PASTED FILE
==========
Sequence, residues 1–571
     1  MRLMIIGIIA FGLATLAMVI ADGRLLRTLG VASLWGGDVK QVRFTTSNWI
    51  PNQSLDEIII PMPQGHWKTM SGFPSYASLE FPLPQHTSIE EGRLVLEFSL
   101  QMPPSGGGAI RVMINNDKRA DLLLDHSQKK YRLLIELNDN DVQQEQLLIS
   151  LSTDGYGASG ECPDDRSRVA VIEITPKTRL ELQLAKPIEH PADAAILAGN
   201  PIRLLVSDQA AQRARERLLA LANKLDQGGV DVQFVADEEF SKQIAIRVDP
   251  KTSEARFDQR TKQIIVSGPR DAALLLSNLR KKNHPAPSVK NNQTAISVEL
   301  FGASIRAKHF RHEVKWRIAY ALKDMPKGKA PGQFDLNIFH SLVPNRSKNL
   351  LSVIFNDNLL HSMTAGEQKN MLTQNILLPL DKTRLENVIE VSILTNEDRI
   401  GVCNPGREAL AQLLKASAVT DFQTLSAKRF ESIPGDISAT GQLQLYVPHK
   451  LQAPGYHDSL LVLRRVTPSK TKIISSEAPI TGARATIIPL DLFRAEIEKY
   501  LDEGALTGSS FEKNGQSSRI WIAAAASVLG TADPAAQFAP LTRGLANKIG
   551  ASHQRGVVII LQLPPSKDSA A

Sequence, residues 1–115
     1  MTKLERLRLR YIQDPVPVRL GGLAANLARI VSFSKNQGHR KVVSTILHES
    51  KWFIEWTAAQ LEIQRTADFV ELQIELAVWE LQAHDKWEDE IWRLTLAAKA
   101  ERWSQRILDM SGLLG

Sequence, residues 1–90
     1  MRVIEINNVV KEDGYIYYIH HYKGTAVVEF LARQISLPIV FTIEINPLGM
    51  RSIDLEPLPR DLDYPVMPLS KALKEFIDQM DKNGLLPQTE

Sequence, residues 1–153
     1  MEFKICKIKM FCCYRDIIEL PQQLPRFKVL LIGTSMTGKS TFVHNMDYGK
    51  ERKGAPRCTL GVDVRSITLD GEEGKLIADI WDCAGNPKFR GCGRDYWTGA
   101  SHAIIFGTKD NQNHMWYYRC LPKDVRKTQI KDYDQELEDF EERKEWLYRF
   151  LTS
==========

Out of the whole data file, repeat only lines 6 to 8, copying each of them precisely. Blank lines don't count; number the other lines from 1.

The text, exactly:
   201  PIRLLVSDQA AQRARERLLA LANKLDQGGV DVQFVADEEF SKQIAIRVDP
   251  KTSEARFDQR TKQIIVSGPR DAALLLSNLR KKNHPAPSVK NNQTAISVEL
   301  FGASIRAKHF RHEVKWRIAY ALKDMPKGKA PGQFDLNIFH SLVPNRSKNL